Sue Jenkins interview
We have decided to make a serial of few interviews with world top graphic designers and tell their life stories and experiences.
Here is the first one!
Place of birth: California
Work: Professional web/graphic designer and illustrator;
Write instructional books;
Create easy-to-follow Adobe Software Training DVDs on Photoshop, Illustrator, Dreamweaver, and Photoshop Elements through Class On Demand;
Teach software design classes in Photoshop, Illustrator, and Dreamweaver;
Study: Fine Art in Photography
Interests/Hobbies: Cooking (especially baking), walking, going to museums, traveling, and watching movies
1 ) Do you always want to become an artist or it’s a just coincidence?
I think I was born an artist. My mother says I drew beautiful pictures on my bedroom wall when I was 2 years old and took a creative approach to everything I did growing up. As a child, I was an avid drawer and painter, did weaving, and worked with clay. I got my first film camera at age 12 and took photography classes all through Junior High, High School, and college. Since then, I’ve continued working in photography, took up oil painting and illustration, and formed a successful career in graphic and web design.
2 ) Where do you gain an inspiration for your masterpiece?
Inspiration often comes in the form of a feeling or a conceptual idea, or the intuition that there is some kind of problem that needs solving or some part of life that warrants examination. With photography, I will often take an idea (however vague or developed) and then go out and find it. For instance, the inspiration behind some of my photographs is simply “evoking childhood memories.” With that idea in mind, I just live my life with my camera and photograph the things I encounter that are consistent with that idea. It’s not really that difficult; the things to photograph are everywhere if you pay attention. With painting and design, I often let an idea inspire me and follow it where ever it leads to create the final product.
3 ) How long have you been working with graphics?
For the past 13 years I’ve been working with graphics and illustration professionally as a web and graphic designer through my own company, Luckychair.com, and I’ve been doing fine art photography for nearly 20 years. In addition, from 2000 to 2004, I ran my own greeting card company where I created my own line of cards with over 110 different illustrations. I’ve also been a design software instructor at Noble Desktop in New York City for about 5 years, teaching classes in Dreamweaver, Photoshop, and Illustrator. More recently, I’ve written 5 instructional books for Wiley and McGraw-Hill and appear as the instructor in 4 Adobe Software Training DVDs from ClassOnDemand, two of which have won prestigious industry awards:
• Web Design All-in-One Desk Reference For Dummies
• How To Do Everything Illustrator CS4
• Dreamweaver CS4 All-in-One For Dummies
• Web Design: The L-Line, The Express Line to Learning
• Dreamweaver 8 All-in-One Desk Reference For Dummies
• Fundamentals of Photoshop Elements – Training DVD
• Dreamweaver For Designers – Training DVD (Telly Award Winner)
• Designer’s Guide to Photoshop – Training DVD
• Designer’s Guide to Illustrator – Training DVD (Communicator Award Winner)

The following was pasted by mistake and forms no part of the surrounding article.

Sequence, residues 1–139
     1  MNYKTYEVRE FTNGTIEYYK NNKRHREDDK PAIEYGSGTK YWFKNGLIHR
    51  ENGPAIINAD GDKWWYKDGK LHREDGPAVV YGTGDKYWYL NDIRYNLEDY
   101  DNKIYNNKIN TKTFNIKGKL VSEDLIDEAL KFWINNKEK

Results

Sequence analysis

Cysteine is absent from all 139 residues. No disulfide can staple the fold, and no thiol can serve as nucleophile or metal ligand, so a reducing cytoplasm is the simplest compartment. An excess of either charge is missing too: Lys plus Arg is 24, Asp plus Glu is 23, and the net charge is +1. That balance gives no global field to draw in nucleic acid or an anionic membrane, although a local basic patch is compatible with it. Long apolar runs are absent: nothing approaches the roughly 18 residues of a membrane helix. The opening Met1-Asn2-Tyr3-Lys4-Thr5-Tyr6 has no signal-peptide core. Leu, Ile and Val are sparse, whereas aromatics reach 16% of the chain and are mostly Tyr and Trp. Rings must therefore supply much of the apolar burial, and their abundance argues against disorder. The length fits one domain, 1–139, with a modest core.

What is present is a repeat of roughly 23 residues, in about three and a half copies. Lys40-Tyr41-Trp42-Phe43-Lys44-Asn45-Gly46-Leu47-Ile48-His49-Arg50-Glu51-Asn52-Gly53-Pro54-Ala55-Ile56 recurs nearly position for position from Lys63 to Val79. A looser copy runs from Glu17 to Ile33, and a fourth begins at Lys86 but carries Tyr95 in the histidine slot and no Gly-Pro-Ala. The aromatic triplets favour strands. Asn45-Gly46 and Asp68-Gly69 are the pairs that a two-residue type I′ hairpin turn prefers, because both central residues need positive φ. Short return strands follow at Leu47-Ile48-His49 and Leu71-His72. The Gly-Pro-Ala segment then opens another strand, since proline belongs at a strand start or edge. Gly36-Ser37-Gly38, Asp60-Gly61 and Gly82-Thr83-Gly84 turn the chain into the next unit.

4 ) What tools do you often use to create something significant?
For graphics, I primarily use Photoshop, Illustrator, and Dreamweaver, though for my illustrations I prefer to draw in ink first, then scan the line art into my computer and enhance it in Photoshop. For photography, I use a variety of film and digital cameras including a Nikon FE, a Nikon D40, a Holga 120, and a low-res VTech digital camera. For my film cameras, I prefer using Kodak Tri-X film and developing in Dektol or PMK Pyro.
5 ) Do you exploit possibility of your photos (taken by you) and drawing? Or you can afford to pay and download official photos?
As much as possible, I have tried to use all of my own graphics, illustrations, and photographs in my books, DVDs, and training sessions. Most of my web and graphic design clients, however, require very specific imagery. Therefore, whatever I can not create myself must be found elsewhere on sites like Pixmac. Thankfully it is usually easy to locate, pay for, and download the photos and graphics we need.
6 ) How many photos, for example per month, do you buy?
The number of photos I download each month is tied directly to the projects I am working on. If I’m doing mostly logo design, business collateral, and website maintenance, the call for purchasing photos online is low. However, when I am working on new web sites and web site redesigns, I might download anywhere from 2 to 20 images in a month.
7 ) Have you noticed the world crisis in your business?
I wouldn’t say there is a world crisis in the graphic/web design business, but I would say that clients have been more frugal with their spending. Summers are typically slower than the rest of the year, and this year has been a little leaner than in the past. That said, with autumn approaching and year-end budgets that need to be spent, I’ve seen a gradual increase in customers over the past month which I think will continue through the end of the year and well into 2010.
8 ) What are your plans to the future?
The future looks bright! As I continue working as a professional web and graphic designer, I will be writing another For Dummies book this winter and possibly a new title on Photoshop. I am also in graduate school right now pursuing a Masters of Fine Art in Photography. After graduation I will continue with web and graphic design and hopefully also begin teaching art and design at the university level. My ultimate dream is to continue doing design while I teach and show my photographs at galleries and museums across the country.